Emerald ash borer prompts vaccinate vs. chop down debate

The mayor of Hampstead said the City of Montreal’s efforts to vaccinate ash trees against the invasive emerald ash borer rather than chop them down is just delaying the inevitable.

Hampstead mayor says chop and replace, but St-Laurent mayor says the TreeAzin vaccine works

The emerald ash borer beetle infests ash trees, eating them from the inside. (CBC)

The City of Montreal’s approach to dealing with the emerald ash borer is all wrong, says Hampstead mayor Bill Steinberg.

He told CBC Daybreak host Mike Finnerty on Thursday morning that the city’s efforts to vaccinate the trees rather than chop them down is just delaying the inevitable.

“Do you slow things down, or do you save the money and use it for replacing trees?” Steinberg asked.

He said the bio-insecticide the city is using, TreeAzin, doesn’t outright kill the invasive species of beetle wreaking havoc on southern Quebec’s ash trees. On top of that, the insecticide — which is injected under ash trees’ bark to kill insect larvae — can only be used in a small two-month window in the summer.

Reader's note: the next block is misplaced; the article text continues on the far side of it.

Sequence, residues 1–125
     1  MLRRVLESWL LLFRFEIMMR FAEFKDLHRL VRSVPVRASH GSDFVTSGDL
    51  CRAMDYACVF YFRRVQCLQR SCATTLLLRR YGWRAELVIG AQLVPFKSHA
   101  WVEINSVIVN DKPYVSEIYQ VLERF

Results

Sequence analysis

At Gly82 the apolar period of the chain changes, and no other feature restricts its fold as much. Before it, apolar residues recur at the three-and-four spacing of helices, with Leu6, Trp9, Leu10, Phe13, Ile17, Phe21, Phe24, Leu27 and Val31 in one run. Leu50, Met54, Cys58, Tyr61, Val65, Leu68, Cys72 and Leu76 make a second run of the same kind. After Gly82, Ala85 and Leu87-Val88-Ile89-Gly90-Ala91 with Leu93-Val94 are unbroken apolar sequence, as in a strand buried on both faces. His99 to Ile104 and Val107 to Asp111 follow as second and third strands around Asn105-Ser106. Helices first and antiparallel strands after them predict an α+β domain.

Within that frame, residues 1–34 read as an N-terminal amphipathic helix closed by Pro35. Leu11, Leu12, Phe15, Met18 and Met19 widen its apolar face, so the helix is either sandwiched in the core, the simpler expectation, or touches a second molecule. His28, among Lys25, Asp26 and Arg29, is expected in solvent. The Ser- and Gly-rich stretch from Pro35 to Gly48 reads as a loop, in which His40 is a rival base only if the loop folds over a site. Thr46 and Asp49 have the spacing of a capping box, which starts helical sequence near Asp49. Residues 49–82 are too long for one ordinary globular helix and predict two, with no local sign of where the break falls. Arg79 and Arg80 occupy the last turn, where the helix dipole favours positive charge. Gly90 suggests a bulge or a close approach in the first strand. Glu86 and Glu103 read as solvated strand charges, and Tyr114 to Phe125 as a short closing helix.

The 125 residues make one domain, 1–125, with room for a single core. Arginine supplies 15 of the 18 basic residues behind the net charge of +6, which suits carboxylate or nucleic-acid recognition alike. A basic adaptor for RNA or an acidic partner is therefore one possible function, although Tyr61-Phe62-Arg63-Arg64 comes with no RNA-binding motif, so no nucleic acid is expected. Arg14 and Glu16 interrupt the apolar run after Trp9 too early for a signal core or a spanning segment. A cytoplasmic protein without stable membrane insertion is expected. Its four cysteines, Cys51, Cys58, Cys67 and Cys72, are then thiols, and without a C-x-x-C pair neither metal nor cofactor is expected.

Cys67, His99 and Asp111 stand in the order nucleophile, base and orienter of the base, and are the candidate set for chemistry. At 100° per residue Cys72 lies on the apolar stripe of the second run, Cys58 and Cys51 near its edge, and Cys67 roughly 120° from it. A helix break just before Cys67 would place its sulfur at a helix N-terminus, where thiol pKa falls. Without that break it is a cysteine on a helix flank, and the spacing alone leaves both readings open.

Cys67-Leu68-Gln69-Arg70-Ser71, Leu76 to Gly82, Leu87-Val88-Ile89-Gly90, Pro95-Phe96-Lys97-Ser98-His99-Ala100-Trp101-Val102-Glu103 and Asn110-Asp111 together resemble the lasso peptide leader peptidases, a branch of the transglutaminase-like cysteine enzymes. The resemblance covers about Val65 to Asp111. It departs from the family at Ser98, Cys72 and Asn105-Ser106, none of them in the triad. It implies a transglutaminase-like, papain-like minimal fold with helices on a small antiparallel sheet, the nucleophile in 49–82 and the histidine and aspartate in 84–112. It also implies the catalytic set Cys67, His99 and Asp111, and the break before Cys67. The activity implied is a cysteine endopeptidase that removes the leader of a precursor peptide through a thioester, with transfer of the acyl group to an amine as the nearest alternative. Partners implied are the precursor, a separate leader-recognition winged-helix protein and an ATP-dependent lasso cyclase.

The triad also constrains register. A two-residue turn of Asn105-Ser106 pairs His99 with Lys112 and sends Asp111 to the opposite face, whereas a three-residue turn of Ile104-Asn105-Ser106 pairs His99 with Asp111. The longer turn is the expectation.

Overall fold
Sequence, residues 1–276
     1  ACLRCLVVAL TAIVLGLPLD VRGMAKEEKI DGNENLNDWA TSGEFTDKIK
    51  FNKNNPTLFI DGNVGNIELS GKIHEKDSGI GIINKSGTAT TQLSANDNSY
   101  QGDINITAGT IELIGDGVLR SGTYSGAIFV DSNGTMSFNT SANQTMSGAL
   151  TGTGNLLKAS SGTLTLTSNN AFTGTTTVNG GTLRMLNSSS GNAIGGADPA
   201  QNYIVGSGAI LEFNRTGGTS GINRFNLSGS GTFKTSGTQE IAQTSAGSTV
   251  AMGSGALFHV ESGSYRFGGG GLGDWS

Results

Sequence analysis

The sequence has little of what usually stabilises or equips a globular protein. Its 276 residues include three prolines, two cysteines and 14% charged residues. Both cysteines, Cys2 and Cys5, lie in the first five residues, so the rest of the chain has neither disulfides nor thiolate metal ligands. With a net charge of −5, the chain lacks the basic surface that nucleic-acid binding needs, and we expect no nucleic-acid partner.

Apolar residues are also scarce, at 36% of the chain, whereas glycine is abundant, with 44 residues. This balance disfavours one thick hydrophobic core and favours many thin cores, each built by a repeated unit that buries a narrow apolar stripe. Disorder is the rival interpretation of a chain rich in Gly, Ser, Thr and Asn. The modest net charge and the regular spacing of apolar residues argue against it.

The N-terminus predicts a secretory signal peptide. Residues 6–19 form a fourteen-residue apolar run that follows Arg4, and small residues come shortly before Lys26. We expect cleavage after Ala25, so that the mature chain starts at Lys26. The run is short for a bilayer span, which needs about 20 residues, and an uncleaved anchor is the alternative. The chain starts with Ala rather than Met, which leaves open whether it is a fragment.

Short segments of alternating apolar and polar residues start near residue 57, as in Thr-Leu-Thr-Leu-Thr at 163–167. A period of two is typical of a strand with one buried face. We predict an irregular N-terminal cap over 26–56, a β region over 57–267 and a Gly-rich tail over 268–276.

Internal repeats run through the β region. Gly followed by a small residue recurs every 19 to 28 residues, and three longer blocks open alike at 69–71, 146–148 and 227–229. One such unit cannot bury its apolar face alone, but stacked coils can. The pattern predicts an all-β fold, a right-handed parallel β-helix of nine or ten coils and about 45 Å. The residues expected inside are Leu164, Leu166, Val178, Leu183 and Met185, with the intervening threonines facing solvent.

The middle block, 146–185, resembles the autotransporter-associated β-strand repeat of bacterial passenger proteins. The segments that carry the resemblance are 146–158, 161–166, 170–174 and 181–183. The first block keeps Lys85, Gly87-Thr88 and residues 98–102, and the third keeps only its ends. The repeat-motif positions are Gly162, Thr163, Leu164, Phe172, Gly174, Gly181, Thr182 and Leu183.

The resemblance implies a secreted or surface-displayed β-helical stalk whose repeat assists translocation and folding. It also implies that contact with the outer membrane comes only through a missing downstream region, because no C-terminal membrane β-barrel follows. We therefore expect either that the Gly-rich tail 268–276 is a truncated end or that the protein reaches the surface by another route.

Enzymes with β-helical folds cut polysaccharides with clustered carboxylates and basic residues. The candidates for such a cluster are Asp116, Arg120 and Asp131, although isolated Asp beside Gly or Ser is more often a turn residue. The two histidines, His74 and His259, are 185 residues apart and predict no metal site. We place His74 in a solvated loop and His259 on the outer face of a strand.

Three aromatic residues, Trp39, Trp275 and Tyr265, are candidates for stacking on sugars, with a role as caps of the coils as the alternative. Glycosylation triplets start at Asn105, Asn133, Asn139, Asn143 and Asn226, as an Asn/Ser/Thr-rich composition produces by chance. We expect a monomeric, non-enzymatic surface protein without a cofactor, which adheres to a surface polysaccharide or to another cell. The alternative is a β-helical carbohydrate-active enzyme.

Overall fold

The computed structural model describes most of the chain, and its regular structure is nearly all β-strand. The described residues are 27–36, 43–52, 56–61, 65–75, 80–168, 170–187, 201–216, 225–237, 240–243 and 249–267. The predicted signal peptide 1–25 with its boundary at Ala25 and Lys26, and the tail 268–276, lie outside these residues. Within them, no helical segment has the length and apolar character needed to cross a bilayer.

The city has invested an additional $1.4 million into dealing with the emerald ash borer this year, on top of the $2 million already allotted to the program.

And the method works, said Saint-Laurent Mayor Alan DeSousa.

He told Daybreak that 1,400 trees in the St-Laurent borough were “vaccinated” last year. He said, of 18 trees that were debarked to check for the effectiveness of the vaccine, 17 had responded positively and didn’t need to be cut down.

DeSousa said Hampstead’s “choice in strategy leaves much to be desired.”

Steinberg said they’re cutting down trees and replacing them on public property, and are encouraging residents to chop down the ash trees on their property as well.

He said the town is looking to pass a bylaw that gives officials the authority to make residents remove trees they deem dangerous — at their own cost.